As originally proposed by the companies, Ardent would be 44% owned by ConAgra, 44% by Cargill and 12% by CHS, the filing says. The company would own 41 U.S. mills in the U.S. and would have annual sales in excess of $3 billion.
Quantifying the impact of the new business on each of the markets, the D.O.J. says Ardent would have owned about 70% of hard milling capacity in the San Francisco vicinity, 40% of hard wheat milling capacity in Southern California, 70% of the soft wheat milling capacity within 200 miles of Los Angeles, 75% of hard winter milling capacity in northern Texas, 100% of soft wheat milling capacity in the Dallas/Fort Worth area and 60% of the hard wheat milling capacity in the Minneapolis area.
Making its case about milling capacity concentration in the affected markets, the D.O.J. discussed transportation costs in some detail.
“Although transportation costs tend to be a relatively small portion of the delivered price of flour, they frequently determine whether a flour miller can supply a customer cost effectively,” the complaint says.
Estimating the distance flour may be shipped economically by truck to be 150 to 200 miles at most, the D.O.J. acknowledges some customers are capable of receiving flour delivery from distant mills by rail or “rail-to-truck transfer.” Still, “neither is a viable option for many customers,” the complaint says.
A significant point of concern in the complaint is the possibility that Ardent Mills would have an incentive to close certain flour mills that serve the markets that are at issue.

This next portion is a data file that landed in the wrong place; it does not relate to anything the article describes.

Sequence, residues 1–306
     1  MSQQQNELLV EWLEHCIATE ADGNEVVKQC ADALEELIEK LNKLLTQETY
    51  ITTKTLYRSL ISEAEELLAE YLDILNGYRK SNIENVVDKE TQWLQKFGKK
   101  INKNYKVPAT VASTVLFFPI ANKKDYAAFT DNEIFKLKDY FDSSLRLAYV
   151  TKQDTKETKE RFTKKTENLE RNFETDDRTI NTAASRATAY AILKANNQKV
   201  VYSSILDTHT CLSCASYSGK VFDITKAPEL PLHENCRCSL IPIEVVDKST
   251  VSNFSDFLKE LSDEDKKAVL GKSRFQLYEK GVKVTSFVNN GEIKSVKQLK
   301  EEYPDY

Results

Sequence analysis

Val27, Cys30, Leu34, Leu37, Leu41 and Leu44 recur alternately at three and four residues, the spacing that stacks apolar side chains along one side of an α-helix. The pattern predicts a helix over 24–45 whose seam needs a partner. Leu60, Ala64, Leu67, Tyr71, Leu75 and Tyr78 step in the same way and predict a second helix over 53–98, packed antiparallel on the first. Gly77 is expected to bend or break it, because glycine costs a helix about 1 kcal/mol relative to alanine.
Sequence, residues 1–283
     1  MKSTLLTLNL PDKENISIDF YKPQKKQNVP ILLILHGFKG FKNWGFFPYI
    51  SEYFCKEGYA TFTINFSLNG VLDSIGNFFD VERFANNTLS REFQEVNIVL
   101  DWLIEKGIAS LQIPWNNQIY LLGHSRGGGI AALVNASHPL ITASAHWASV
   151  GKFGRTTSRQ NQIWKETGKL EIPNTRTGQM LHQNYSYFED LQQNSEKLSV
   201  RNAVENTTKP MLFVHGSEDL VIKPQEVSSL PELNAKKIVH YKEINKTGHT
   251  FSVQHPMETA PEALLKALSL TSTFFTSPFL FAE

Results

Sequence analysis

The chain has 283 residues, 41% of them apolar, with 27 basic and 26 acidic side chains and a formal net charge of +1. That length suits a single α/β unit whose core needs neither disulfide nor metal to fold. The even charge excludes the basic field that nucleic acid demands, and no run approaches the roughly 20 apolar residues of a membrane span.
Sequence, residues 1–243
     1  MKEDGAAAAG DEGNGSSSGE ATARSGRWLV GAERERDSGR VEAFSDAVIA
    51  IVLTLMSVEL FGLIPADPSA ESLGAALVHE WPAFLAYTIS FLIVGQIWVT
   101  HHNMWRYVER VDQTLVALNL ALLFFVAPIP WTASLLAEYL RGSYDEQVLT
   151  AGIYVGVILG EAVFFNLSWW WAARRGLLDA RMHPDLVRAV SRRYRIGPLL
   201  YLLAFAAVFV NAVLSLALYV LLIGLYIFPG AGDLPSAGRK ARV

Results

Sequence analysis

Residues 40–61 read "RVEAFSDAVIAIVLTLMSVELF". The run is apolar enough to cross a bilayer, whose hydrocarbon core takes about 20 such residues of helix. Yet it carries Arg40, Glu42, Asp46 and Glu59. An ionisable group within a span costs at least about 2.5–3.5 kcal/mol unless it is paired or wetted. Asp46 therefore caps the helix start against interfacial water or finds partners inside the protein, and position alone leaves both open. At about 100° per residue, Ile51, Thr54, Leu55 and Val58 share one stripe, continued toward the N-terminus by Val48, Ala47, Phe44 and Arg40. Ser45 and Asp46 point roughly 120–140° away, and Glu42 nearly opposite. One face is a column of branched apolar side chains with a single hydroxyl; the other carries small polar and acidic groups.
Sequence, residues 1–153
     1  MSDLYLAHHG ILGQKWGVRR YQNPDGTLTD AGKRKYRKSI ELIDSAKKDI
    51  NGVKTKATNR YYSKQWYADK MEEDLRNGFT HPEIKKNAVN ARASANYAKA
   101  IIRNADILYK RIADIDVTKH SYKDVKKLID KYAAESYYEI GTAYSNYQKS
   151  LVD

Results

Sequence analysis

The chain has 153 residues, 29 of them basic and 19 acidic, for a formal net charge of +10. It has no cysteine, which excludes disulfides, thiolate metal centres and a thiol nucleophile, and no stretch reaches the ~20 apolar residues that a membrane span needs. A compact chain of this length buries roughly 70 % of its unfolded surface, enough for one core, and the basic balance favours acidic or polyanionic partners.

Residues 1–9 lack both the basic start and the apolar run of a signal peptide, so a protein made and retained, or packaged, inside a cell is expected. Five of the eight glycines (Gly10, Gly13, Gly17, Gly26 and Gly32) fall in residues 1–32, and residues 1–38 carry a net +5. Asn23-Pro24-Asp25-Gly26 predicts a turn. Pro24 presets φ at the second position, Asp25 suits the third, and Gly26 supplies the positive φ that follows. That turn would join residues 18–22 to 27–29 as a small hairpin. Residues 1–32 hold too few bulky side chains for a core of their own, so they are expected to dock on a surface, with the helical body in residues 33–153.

“With a larger base of mills to benefit from increased flour prices, the joint venture would have an increased incentive to shut down capacity,” the D.O.J. says. “The joint venture also would have mills with a wider array operating costs from which to choose capacity to shut down, increasing the ability of the joint venture to shut down capacity or entire mills.”
Later in the complaint, the department expands on this point, centering on higher cost mills that, all else being equal, “yield lower profits.”
“Because the joint venture would give Ardent Mills a broader array of capacity from which to choose capacity to close, including relatively high cost capacity, it would increase the ability of the joint venture to profitably shut down capacity,” the filing says
With closings, supply relative to demand would tighten “inducing Ardent Mills and rival millers to compete less aggressively for flour sales, ultimately increasing flour prices to customers in the relevant geographic markets,” the department says.
The complaint also suggests the formation of Ardent would raise the likelihood of “anti-competitive coordination” among flour millers.
“The relevant markets already are highly concentrated, and the formation of the joint venture would significantly increase that concentration by reducing the number of substantial millers in each of the relevant markets,” the D.O.J. says. “As a result, the formation of Ardent Mills would allow it and its few remaining rivals to more easily identify and account for the competitive strategies of one another, making it easier for them to coordinate on capacity, price, or other competitive strategies in the relevant markets, which already are susceptible to coordination. This, in turn, will make coordination more likely and more durable, increasing the likelihood that hard and soft wheat flour prices would increase in the relevant markets.”